"A half finished book is, after all, a half finished love affair"
                 - Robert Frobischer (Cloud Atlas)

Reading progress update: I've read 20%.
The Moonspinners - Mary Stewart

The heroine, Nicola, has stumbled over a man, who has been shot. Conveniently this man is British and about her own age. And since he is injured, Nicola´s Florence Nightingale insticts kick in and things are developing fast.


Sounds cheesy? It kind of is, but Mary Stewarts writing is so soothing and comforting, it calmed me down during my lunchbreak (due to various reason I was seriously grumpy before my break).


So far I´m loving this book. I´m keeping my fingers crossed that it will remain that way.


Reading progress update: I've read 5%.
The Moonspinners - Mary Stewart

One of my most dreaded Halloween bingo squares, because


  1. I didn´t enjoy and did not finish Mary Stewarts The Crystal Cave
  2. romantic suspense novels are either a hit or a miss for me, depending on how heavily the plot relies on the romance and how sympathetic I feel towards the characters. 


I have to say, though, that Mary Stewart has some gorgeous description of Crete in the first chapter. And she managed to make me smile:


Yet here was a Dane, a well-rounded, well-found Dane (and the Danes have possibly the best food in Europe), recommending the food in a Greek village taverna.


Yeah, I don´t think that Danes have the best food in all of Europe (personally for me this title goes to Italy). Sure they have some very nice food, they use a lot of cream while cooking and they have Bacon and the traditional Danish hot dog, both food made in heaven. But equally they have (in my opinion) the most horrible food ever, called Svensk Pølseret (which consists of potatoes, sausages, onions, cream, tomato purèe, spices):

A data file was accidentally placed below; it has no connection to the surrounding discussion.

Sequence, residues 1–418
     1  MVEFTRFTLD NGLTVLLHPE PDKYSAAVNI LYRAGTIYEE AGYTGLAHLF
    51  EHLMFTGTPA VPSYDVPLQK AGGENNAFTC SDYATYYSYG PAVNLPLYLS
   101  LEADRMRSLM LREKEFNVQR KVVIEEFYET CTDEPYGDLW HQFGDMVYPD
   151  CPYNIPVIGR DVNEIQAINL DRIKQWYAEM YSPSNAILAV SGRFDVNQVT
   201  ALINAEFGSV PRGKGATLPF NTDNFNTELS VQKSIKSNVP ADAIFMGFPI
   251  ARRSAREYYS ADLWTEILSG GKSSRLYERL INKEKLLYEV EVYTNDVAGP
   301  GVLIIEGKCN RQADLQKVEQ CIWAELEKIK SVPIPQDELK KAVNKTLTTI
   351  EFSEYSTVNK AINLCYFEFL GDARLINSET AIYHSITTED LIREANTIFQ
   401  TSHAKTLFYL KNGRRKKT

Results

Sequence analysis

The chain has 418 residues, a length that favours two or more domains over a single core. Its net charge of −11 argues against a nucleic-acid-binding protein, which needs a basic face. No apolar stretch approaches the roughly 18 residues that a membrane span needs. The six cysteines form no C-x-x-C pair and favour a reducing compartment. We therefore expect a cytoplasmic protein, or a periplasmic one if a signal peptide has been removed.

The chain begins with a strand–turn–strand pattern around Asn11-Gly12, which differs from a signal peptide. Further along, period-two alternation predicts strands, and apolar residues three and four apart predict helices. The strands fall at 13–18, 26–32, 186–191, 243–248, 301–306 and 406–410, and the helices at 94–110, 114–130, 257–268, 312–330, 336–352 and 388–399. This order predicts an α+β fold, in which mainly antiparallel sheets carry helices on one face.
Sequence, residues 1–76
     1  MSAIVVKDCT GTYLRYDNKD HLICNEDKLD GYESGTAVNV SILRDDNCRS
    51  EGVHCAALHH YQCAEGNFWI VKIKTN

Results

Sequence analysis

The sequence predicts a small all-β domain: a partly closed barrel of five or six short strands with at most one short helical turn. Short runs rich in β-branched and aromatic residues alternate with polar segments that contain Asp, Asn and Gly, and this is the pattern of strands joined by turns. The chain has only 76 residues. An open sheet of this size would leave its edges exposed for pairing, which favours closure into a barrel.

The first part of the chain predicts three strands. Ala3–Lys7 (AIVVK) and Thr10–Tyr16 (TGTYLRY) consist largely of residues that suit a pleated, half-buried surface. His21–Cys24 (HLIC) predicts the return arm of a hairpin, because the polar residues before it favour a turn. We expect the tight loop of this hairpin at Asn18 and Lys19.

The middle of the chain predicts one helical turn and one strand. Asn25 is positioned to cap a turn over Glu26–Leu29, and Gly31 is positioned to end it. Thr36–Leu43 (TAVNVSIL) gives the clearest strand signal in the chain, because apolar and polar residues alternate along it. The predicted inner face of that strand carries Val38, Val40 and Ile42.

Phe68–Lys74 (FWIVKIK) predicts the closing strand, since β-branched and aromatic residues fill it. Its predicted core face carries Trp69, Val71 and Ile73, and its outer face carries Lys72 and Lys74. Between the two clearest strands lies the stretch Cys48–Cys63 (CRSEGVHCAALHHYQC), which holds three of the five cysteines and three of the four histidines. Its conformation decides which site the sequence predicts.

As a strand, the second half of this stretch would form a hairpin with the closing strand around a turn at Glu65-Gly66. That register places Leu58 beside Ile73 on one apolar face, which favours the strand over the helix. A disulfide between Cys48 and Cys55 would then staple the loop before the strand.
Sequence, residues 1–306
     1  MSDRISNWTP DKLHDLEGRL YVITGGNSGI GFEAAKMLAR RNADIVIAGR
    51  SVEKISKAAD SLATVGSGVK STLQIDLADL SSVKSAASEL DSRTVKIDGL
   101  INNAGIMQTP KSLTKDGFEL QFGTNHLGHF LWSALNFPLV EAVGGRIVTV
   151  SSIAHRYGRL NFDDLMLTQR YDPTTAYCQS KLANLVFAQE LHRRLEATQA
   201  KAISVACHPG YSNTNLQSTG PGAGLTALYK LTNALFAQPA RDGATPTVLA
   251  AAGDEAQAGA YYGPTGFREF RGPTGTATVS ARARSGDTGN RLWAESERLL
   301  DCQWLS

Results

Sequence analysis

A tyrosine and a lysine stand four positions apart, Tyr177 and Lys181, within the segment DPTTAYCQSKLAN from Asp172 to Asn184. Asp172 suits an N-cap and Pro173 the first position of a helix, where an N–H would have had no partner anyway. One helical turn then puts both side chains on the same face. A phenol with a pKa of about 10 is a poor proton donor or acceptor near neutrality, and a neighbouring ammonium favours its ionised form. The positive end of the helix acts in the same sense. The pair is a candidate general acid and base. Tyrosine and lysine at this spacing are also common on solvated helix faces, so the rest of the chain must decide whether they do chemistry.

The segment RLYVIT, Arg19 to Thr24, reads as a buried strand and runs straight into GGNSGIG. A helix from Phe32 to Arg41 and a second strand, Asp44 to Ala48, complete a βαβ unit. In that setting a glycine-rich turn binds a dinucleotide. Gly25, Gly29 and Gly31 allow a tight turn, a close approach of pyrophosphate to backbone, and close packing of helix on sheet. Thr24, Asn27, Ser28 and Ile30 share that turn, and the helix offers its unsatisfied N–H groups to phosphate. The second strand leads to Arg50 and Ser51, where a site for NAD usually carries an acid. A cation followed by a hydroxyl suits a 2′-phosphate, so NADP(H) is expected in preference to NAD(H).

Just looking at this picture gives me the shivers.



Reading progress update: I've read 164 out of 320 pages.
The Tokyo Zodiac Murders (Pushkin Vertigo) - Shika MacKenzie, Soji Shimada, Ross MacKenzie

"What else? ... Holmes was a master of disguise, wasn´t he? He dressed himself as an old woman, put on a grey wig and fake eyebrow, carried a parasol and went for a walk. Do you know how tall Holmes was? Over six feet! Obviously, the old woman would have looked like a man - or a monster! [...]"

"Watson said Holmes could have been a very strong boxer. How did he know? Probably Holmes, who was addicted to cocaine, got violent and beat him up occasionally. Poor Dr. Watson! But he could never leave Holmes, since Holmes provided him with all the material for his stories. [...]"


Almost an entire chapter is dedicated to some serious Sherlock Holmes and Watson bashing by one of the main characters.




So much fun. This is such an entertaining read.


Reading progress update: I've read 17 out of 320 pages.
The Tokyo Zodiac Murders (Pushkin Vertigo) - Shika MacKenzie, Soji Shimada, Ross MacKenzie

In astrology, the human body - a bag-shaped object - is a reflection of the universe in miniature. Each part of the body has its own planet that rules, protects and empowers it:



- The legs are aquarius, ruled by Uranus.


As I have said, each of us has a part of our body that is given strenght by our ruling planet.


Mmh, I´m an aquarius. Does this mean that I should have become a professional marathon runner.


 running run forrest gump leaving work run forrest GIF



Well, that would have been an interesting profession for me. Because, to be honest, I´m a lame duck.



What follows is pretty creepy, though: